Honors College Thesis


Factors of Trust: The Role of Interpersonal Communication and Physical Touch on the Patient-Physician Relationship Public Deposited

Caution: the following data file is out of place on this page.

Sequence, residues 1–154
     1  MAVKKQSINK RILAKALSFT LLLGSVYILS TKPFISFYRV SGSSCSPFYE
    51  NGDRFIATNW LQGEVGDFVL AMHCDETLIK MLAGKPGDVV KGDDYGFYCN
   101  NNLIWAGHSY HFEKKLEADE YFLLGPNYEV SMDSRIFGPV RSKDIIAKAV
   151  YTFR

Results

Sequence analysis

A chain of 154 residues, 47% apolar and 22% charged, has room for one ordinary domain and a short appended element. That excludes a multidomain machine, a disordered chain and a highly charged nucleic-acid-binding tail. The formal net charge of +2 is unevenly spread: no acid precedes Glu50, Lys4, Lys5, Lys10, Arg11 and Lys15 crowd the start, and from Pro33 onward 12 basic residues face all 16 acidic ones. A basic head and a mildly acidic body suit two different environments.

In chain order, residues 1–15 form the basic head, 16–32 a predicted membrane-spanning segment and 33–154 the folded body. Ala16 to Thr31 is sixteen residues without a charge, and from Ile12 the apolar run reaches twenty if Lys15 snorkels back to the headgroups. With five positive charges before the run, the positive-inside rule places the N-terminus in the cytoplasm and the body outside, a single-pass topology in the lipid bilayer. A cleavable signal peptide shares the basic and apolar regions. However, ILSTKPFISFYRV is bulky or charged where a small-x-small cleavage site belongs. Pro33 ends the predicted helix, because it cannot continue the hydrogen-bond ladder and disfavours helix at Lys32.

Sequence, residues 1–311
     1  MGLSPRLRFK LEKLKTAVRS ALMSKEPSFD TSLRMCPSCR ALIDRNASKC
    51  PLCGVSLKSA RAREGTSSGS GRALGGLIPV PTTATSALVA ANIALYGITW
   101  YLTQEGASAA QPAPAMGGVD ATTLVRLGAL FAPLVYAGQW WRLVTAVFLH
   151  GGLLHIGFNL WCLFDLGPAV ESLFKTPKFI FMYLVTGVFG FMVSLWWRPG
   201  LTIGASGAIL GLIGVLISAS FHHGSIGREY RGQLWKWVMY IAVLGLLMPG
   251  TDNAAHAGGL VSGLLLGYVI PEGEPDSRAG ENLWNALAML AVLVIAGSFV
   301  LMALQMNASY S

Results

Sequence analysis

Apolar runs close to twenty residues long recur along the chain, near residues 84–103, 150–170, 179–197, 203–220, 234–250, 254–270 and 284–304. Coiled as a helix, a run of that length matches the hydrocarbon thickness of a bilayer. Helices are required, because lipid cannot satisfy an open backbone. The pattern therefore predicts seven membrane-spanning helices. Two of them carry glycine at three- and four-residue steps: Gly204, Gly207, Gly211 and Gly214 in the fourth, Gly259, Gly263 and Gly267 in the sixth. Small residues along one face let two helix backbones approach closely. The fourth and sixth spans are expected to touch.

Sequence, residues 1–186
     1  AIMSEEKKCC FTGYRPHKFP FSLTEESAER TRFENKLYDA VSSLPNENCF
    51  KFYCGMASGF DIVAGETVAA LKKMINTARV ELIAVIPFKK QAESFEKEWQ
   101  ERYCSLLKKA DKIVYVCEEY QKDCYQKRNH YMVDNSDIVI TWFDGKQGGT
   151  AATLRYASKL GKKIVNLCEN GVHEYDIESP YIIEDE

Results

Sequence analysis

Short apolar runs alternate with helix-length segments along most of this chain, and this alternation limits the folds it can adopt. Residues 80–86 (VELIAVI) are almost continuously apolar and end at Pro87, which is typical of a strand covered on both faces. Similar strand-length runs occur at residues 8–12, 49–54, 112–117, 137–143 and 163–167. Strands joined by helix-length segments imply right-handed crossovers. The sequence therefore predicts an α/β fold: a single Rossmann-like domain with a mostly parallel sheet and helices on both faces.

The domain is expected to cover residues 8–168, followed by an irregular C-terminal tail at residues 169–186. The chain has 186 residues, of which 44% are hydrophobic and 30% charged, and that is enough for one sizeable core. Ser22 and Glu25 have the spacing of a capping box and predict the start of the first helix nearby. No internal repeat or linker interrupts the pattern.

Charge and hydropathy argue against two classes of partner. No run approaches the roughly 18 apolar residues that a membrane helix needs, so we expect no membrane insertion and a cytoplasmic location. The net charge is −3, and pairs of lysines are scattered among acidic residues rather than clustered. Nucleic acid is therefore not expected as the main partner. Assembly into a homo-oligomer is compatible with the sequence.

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  • The physician-patient relationship is one that relies heavily on the premise of trust. In contemporary medicine, trust is difficult to sustain due to the distractions created by technological documentation, rules, an increasing number of patients seen by a fewer physicians that diminish the human interaction within the relationship. To emphasize the importance of bringing the humanities back to medicine, Dr. Abraham Verghese tells of a story where his non-compliant, terminally-ill patient became compliant just before Dr. Verghese began his routine physical exams. Virtually meaningless as a treatment itself, it nevertheless indicates the notion of care being provided. This research looks to further explore how physicians employ interpersonal communication skills and physical touch and how they affect the development of the patient-physician relationship. This question was investigated through an analysis of primary literature, followed by interviews with ten physicians to better understand the physician perspective. Current literature describes the significance of general effective communication skills and barriers, along with the role of utilizing physical touch to develop a more trusting relationship with the patient. Furthermore, the physician interviews expanded on the individuality of each patient interaction. This shows the need for social and emotional awareness on the part of the physician, as well as a responsibility to be effective communicators, and the necessity of establishing a patient-oriented delivery of healthcare.
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